Stock Investment Considerations for Bulls and Bears
Due diligence is necessary for your success as a stock investor. Make sure that you’re investing appropriately for your situation. If you’re 35, heading into your peak earnings years, want to ride a home-run stock, and you understand the risks, then go ahead and speculate with that small cap gold mining stock or the solar power technology junior stock.
But if you’re more risk averse or your situation is screaming out loud for you to be conservative, then don’t speculate. Go instead with a more diversified portfolio of large cap stocks or get the ETF for that particular sector.
For those people who want to make money by going short in those sectors that look bearish, again take a deep breath and remember what’s appropriate. Conservative investors simply avoid the risky areas. Aggressive investors or speculators may want to deploy profitable bearish strategies (with a portion of their investable funds). Here are some highlights for all of you.
Conservative and bullish
Being conservative and bullish is proper when you’re in (or near) retirement or have a family to support. After you choose a promising sector, just select large cap companies that are financially strong, are earning a profit, have low debt, and are market leaders.
ETFs have been a hot item lately, and they’re a great choice for most investors because they offer some advantages over mutual funds. You can put stop-loss orders on them or borrow against them in your stock portfolio.
Aggressive and bullish
If you’re aggressive and bullish, you want to buy stocks directly. For real growth potential, look at mid caps or small caps. Keep in mind that you’re speculating, so you understand the downside risk but are willing to tolerate it because the upside potential can reward you so handsomely. Few things in the investment world give you a better gain than a supercharged stock in a hot sector.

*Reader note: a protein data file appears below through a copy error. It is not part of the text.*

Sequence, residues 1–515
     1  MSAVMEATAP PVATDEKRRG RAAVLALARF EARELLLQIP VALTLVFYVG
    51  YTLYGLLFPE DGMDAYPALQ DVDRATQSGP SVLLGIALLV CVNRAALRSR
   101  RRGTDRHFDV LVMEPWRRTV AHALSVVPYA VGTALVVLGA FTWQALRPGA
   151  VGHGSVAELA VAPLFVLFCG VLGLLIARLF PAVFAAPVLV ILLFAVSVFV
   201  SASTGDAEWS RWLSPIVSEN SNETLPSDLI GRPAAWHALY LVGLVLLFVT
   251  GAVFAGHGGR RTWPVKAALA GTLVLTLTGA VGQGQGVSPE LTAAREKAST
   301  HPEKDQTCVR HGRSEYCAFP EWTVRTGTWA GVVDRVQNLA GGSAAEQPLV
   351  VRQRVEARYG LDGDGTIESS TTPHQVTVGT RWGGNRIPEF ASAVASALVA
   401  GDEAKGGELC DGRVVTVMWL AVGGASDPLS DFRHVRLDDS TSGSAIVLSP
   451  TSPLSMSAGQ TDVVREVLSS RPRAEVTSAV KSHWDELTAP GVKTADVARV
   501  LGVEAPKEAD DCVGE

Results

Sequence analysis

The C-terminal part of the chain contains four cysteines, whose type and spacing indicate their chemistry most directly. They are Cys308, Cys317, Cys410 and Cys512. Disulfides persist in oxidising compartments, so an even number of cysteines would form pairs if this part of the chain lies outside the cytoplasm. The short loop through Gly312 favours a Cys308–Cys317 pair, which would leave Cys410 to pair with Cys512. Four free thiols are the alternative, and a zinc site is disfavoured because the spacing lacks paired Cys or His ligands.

Conservative and bearish
For many investors, making money on a falling market isn’t generally a good idea. Doing so takes a lot of expertise and risk tolerance. Analyze your portfolio with an advisor you trust and sell the potentially troubled stocks. If you’re not sure what to do on a particular stock, then (at the very least) put in stop-loss orders and make them GTC (good-til-canceled).
For example, look at the bear market that hit the U.S. in the mid-1970s. In 1974–1975, the stock market fell 45 percent. Stocks didn’t recover until 1982. If you had a stock that was at $100, it would have fallen to $55 and not returned to $100 until seven or eight years later.
What if you had a stop loss at $90? You would have gotten out with a minimal loss and could have reinvested the money elsewhere (such as in bonds or CDs) and looked much brighter than your neighbor.
Aggressive and bearish
Being aggressive in a bearish market isn’t for the faint of heart. However, this is where the quickest fortunes have been made by some of history’s greatest investors. Going short can make you great money when the market is bearish, but it can sink you if you’re wrong. Shorting a stock can backfire, so you should also consider buying put options.
Put options are a way to make money with limited risk when you essentially make a bet that an investment (such as stocks) will go down. There is an appropriate options strategy for most stock portfolios. You can find great (free) tutorials on using options at websites such as the Chicago Board Options Exchange and the Options Industry Council.